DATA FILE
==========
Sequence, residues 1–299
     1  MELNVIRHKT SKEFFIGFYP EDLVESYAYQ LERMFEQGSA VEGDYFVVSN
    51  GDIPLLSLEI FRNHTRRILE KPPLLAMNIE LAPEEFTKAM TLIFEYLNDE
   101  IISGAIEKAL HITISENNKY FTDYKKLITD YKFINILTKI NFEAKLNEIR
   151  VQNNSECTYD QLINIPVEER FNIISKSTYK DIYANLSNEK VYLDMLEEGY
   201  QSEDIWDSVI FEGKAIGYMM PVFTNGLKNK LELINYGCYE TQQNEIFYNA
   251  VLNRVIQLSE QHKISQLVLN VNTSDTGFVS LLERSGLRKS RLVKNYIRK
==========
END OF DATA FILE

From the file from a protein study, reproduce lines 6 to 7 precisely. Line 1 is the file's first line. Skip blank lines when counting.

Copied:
   201  QSEDIWDSVI FEGKAIGYMM PVFTNGLKNK LELINYGCYE TQQNEIFYNA
   251  VLNRVIQLSE QHKISQLVLN VNTSDTGFVS LLERSGLRKS RLVKNYIRK